Frog murder and boiled children: 'Merry Christmas' Victorian style

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Christmas cards
Image caption,
Back when snowmen were the stuff of nightmares

Murderous frogs, children boiled in teapots and a mouse riding a lobster are generally not images seen today on Christmas cards. But in Victorian times it was all par for the course. BBC News takes a look at some of the more unusual cards of Christmas past.

Image caption,
Because nothing says Merry Christmas quite like a mouse riding a lobster

The first Christmas card was commercially produced by Sir Henry Cole in 1843 but it was not until the 1870s, and the introduction of the halfpenny stamp, that sending cards was affordable for almost everyone. Victorians then leapt upon the idea with alacrity.

It was usual in the 19th Century for friends and relations to exchange letters at Christmas time, according to the Library of Birmingham, which has a collection of Victorian scrapbooks containing Christmas cards.

They would tell of the year's events and their wishes for the coming year.

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'Tis the season for frog-on-frog murder
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The ever-popular traditional Christmas scene of a monkey painting a portrait of a dog while another monkey lurks menacingly in the background
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"Wishing you a glad New Year", the disembodied dog's head said

As Stephanie Boydell, curator of special collections at Manchester Metropolitan University explains, the cards were "cheap and cheerful, leading to a real fad" of sending greetings in such a way.

"There was a huge amount of material, publishers would produce loads and loads. Popular images were reused and reprinted as Christmas cards, even if they weren't particularly festive," Ms Boydell said.

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Why the long face? A glum-looking horse wishes the recipient a "jovial Christmas" while a seemingly tearful kitten proclaims: "Dear friend! Accept my best wishes for the season!"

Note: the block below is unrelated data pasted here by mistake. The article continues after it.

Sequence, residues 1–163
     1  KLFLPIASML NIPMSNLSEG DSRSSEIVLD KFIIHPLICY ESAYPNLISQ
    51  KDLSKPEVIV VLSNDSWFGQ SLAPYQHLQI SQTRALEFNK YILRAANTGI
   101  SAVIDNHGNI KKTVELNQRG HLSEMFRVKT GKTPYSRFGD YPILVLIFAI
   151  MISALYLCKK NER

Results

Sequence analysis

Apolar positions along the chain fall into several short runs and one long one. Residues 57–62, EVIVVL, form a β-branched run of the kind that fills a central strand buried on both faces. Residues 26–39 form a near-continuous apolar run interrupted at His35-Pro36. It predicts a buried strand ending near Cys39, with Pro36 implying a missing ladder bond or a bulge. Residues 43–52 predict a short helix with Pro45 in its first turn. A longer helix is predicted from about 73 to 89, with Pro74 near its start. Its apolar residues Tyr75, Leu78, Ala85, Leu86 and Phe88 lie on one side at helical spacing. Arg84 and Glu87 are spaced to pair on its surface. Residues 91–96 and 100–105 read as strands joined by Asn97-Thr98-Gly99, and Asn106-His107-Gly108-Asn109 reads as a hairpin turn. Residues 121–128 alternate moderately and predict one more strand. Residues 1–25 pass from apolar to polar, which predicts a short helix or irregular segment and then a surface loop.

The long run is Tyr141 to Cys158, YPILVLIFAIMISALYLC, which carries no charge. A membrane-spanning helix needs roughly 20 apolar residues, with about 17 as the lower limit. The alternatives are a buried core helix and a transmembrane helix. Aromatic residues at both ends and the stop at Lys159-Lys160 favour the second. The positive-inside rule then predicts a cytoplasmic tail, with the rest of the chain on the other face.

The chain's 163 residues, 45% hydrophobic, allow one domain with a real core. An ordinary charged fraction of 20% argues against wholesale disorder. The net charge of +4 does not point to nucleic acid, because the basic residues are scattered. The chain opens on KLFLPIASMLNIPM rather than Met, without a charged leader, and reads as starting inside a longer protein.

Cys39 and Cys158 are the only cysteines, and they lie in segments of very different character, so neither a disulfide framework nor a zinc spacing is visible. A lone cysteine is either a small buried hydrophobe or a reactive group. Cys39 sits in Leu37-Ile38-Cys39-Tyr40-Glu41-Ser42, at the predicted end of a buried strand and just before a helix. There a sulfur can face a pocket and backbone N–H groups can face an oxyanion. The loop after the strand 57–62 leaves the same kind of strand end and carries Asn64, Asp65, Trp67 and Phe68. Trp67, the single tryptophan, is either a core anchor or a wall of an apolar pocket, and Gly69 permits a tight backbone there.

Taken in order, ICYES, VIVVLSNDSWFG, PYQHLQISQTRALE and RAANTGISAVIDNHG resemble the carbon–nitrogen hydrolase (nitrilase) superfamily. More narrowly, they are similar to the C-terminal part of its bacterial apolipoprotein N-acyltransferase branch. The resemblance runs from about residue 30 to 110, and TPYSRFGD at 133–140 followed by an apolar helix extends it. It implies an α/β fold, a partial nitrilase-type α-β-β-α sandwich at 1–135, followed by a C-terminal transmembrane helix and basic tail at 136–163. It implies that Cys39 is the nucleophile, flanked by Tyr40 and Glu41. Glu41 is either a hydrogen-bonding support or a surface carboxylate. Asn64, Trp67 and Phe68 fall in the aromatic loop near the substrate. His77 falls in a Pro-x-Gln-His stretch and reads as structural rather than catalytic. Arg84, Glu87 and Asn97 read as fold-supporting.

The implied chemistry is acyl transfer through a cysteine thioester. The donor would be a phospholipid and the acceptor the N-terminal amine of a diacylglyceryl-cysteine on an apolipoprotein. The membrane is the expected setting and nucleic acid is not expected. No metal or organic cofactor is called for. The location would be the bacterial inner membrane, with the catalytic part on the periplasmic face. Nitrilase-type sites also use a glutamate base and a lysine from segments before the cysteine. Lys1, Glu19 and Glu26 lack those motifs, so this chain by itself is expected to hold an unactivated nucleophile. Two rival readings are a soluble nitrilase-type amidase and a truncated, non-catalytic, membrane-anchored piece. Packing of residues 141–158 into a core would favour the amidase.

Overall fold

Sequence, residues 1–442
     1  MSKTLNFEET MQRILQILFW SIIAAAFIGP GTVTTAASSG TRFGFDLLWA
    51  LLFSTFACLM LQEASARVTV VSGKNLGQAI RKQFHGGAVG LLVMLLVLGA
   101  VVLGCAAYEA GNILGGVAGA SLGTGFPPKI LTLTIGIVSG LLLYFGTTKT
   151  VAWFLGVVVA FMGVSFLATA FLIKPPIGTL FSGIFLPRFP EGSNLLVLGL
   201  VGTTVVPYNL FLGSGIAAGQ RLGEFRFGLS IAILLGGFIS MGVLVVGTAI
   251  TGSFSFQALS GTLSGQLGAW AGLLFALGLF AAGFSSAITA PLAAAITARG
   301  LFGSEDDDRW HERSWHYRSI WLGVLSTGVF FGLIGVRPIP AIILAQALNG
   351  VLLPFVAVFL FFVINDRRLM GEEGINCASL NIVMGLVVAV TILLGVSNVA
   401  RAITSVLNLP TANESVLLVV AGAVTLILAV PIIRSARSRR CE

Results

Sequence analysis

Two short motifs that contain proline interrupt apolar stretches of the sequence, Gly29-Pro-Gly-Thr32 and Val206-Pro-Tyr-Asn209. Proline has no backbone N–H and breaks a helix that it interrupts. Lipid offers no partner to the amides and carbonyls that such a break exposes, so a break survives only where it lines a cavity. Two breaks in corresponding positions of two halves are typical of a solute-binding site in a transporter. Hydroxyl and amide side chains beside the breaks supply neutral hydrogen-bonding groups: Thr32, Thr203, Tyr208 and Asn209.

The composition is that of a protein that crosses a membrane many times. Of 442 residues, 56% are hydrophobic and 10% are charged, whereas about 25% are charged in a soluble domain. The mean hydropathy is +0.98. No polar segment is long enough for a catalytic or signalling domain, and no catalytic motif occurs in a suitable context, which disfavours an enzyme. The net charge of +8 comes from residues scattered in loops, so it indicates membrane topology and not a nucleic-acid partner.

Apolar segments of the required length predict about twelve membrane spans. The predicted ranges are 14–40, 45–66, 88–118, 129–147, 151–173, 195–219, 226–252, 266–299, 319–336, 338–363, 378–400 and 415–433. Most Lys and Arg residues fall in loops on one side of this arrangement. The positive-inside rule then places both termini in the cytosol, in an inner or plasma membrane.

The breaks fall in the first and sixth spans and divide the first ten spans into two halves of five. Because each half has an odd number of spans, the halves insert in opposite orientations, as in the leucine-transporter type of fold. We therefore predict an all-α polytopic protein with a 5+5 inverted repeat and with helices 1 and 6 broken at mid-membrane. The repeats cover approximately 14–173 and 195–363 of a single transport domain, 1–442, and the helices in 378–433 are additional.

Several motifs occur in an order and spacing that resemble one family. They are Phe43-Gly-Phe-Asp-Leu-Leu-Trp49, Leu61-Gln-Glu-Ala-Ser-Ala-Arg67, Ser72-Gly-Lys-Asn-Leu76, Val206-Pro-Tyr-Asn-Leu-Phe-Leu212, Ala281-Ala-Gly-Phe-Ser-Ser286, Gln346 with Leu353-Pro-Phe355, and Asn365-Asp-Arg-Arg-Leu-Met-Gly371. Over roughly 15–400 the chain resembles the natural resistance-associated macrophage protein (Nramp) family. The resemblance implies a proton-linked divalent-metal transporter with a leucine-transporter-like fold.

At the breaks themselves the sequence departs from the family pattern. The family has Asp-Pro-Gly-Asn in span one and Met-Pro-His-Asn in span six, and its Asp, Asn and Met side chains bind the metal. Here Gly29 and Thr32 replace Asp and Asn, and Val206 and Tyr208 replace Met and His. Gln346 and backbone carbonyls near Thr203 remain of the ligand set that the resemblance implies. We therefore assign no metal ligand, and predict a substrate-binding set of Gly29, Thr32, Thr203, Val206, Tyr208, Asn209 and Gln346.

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With sadness in their eyes... these faces from Victorian Christmas cards run the gamut of emotions from resigned to desolate to knowing
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"May yours be a joyful Christmas" - unlike the dead robin's

The cards were not only overwhelmingly secular, but some were grimly non-festive. Rosy-faced children gathered round a decorated tree might be seen on a card - but so might a dead robin or a turnip wearing a hat.

Food features a lot - not just in family feasts and traditional spreads. One card shows a group of rats, nattily dressed, sharpening knives and settling down to a nice meal of roast cat. A sinister Christmas pudding leaps out of a pot to startle a cook with a woman's body and a bird's head.

Image caption,
A winged toddler torments a glum snowman, a wild-eyed Santa cavorts with strange men-children and a young toff threatens a smaller boy with a whip
Image caption,
What could be more seasonal than a child boiled in a teapot? Perhaps a malevolent clown about to assault a policeman with a red hot poker
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All a dog wants for Christmas is a gun, while a frog and a beetle enjoy a festive dance. Christmas is a time for mirth, the card on the right reminds us. This merriment is expressed by two ladies rolling an elderly man in snow

So why were such odd things depicted?

"They're only odd to our eyes," Ms Boydell says.

"The Victorians had a different idea to what Christmas was about - not particularly Christian, but a time of good humour. You may find a mouse riding a lobster strange - I find it funny. It's horses for courses."

Of course, there were also cards more like the ones we post today - with frosty scenes, Father Christmas and family get-togethers.

"For all the more unusual ones, there were probably 1,001 entirely Christmassy ones. It's just the unusual ones which stand out."

And stand out they certainly do. Merry Christmas - and don't have nightmares.

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"Dear Santa. Please don't visit. You are terrifying, and so is your doll." A maniacal Christmas pudding with wine-bottle legs offers a seasonal greeting, as does a pig with lady-hands and some opera glasses. Of course

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